‘Tis the day after Christmas, and Scott and I are sitting in our recliners, watching the esteemed Foster Farms Bowl game; he, because Nebraska is playing and it’s a high holy day for him, and I, because my back decided to start being an jerkturd about an hour ago, and sitting here with this pillow behind me seems to be about all I feel like doing. I don’t care about football in the least, but Scott’s here, and the dogs are here, and I can see the Christmas tree I’ll have take take down in a few days, and in the name of familial togetherness and a deep disinterest in moving, here I stay.
Scott tries to get me to care, particularly about the generally egregious officiating, and the seemingly universal and unfounded disdain by the officials for Nebraska athletes (in all sports, mind you,) going back to the days when Scott was a wee Husker. He rewinds multiple times to show me the latest referee travesty, and I try very hard to be at least sort of interested, because he’s clearly upset, and I hate my honey to be upset. At a minimum, I contribute several ideas as to how, through collective action, the players could look out for themselves and their physical safety, because that’s the kind of thoughtful communist I am. Because while I don’t care about football, I have a passing interest in young men not crippling their bodies and minds for the entertainment of couch potatoes and enrichment of billionaires.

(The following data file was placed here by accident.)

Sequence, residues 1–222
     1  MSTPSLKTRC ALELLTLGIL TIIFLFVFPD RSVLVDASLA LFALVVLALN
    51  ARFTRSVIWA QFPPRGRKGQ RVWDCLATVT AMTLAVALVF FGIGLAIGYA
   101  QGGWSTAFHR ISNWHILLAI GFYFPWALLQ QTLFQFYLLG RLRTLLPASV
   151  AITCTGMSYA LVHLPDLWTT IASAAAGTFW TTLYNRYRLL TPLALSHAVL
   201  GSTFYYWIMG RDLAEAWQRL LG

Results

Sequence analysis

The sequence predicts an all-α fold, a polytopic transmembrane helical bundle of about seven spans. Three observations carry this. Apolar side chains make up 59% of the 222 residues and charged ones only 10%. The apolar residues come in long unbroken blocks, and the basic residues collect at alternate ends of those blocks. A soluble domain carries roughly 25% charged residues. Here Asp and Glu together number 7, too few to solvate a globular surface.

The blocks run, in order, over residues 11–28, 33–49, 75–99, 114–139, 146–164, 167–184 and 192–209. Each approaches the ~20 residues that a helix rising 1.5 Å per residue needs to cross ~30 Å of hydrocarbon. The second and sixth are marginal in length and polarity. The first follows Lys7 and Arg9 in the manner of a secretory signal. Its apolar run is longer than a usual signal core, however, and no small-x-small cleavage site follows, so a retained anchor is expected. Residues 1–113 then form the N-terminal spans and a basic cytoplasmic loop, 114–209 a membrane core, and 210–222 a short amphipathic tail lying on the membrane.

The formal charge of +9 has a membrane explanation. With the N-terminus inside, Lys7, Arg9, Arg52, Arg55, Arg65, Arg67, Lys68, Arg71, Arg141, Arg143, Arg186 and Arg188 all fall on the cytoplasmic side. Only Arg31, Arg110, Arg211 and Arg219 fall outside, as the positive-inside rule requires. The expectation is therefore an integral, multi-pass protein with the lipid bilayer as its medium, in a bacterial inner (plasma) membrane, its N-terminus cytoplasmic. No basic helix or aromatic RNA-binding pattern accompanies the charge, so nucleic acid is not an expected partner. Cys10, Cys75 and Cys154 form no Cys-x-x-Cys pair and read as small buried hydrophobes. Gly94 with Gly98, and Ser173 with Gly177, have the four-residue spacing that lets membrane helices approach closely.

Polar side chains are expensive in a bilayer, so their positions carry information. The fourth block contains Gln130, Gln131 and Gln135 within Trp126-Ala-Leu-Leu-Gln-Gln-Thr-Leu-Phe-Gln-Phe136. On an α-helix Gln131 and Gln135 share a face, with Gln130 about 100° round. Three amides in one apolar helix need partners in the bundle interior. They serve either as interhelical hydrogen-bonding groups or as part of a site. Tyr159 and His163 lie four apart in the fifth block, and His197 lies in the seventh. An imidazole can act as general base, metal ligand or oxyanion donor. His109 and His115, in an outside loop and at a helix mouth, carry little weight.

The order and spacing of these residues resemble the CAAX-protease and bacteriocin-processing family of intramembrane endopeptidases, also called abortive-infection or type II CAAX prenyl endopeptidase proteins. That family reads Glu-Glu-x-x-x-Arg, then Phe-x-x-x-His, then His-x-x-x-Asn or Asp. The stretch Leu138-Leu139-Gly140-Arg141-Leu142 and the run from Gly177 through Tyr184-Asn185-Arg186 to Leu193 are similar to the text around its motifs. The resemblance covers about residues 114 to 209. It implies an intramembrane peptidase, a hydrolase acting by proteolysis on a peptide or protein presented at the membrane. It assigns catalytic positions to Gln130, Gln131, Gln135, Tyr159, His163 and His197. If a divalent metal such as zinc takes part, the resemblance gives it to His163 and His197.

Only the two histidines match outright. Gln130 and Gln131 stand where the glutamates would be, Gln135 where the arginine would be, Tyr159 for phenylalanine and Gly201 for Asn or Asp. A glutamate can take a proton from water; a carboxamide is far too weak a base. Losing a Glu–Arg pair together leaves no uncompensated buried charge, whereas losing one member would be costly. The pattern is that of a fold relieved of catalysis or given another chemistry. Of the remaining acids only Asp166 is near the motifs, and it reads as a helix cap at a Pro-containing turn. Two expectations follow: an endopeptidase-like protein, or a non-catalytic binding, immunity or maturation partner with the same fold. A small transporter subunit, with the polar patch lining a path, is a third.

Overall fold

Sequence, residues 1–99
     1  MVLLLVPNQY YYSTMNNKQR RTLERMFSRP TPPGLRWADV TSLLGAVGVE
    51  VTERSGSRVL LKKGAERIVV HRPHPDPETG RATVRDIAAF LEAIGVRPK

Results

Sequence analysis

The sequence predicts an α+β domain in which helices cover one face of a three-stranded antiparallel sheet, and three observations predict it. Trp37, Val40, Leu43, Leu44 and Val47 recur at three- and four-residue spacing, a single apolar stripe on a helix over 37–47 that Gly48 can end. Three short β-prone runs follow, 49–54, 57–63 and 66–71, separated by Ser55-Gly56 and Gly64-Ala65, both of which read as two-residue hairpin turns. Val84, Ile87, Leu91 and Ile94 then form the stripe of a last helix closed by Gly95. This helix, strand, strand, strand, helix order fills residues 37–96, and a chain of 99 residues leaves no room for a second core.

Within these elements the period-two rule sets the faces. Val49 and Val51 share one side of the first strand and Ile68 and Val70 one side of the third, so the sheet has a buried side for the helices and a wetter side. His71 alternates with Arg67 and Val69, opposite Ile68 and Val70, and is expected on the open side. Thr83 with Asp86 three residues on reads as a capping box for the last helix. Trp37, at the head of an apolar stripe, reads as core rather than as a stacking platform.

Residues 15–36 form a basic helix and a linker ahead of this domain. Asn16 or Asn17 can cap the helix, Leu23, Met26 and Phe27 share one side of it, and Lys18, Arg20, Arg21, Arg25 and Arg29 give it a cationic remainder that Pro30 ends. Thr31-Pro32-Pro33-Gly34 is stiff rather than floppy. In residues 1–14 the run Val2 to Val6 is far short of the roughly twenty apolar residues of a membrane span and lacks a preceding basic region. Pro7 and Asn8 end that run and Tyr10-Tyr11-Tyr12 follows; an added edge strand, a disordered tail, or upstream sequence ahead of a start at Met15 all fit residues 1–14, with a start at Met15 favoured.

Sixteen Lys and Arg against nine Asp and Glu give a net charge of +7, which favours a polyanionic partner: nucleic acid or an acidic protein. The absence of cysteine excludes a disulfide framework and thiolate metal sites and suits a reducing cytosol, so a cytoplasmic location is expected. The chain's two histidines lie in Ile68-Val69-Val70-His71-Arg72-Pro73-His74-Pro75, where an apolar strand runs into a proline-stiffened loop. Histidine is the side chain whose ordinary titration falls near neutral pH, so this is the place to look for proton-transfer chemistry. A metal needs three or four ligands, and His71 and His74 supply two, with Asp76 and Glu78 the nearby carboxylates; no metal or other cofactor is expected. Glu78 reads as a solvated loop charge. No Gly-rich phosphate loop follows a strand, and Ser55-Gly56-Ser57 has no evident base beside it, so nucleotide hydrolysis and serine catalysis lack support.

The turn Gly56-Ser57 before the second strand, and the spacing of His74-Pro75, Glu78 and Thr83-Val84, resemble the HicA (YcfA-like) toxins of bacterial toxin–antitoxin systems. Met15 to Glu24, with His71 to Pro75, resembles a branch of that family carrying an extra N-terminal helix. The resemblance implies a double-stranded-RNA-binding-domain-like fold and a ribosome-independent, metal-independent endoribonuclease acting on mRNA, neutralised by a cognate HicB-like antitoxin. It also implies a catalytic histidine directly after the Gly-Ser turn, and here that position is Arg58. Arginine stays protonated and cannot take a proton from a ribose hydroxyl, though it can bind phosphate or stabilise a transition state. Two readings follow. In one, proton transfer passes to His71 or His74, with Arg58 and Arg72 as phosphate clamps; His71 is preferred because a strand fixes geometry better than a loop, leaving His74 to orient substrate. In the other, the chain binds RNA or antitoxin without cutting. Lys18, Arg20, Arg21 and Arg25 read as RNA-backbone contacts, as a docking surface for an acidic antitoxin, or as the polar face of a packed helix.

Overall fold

“You ready for cake?” I ask, referring to the leftovers of the Jello poke cake my mom contributed to Christmas dinner yesterday.
“Absolutely!” he says.
So I go to the kitchen, serve up the cake, and we sit back down with our cake and football. I’m not 3 bites into mine when I have an allergy attack wherein I threaten to cough my cake off the plate and right into my lap. I get up, put the cake on the counter (because we have dogs, and they cannot be trusted. Not even a little bit.) And I toddle on back to the bathroom cabinet for my 4th dose of Benadryl today, my back complaining all the way there and all the way back, and I sit back down in my chair with a weary groan as if I’d just walked here from Alaska without stopping.
A moment later, I realize that my cake is still on the counter, and if I want it, I’m going to have to haul my keister out of my chair again. I am not pleased.
“I wish I was telekinetic. Then when I forget my cake until after I sit down, I could just levitate it over to me.”
“Well if you’re going to wish, why don’t you wish to not forget things you want to remember?”
“Uh, because then I wouldn’t have telekinesis! Duh!”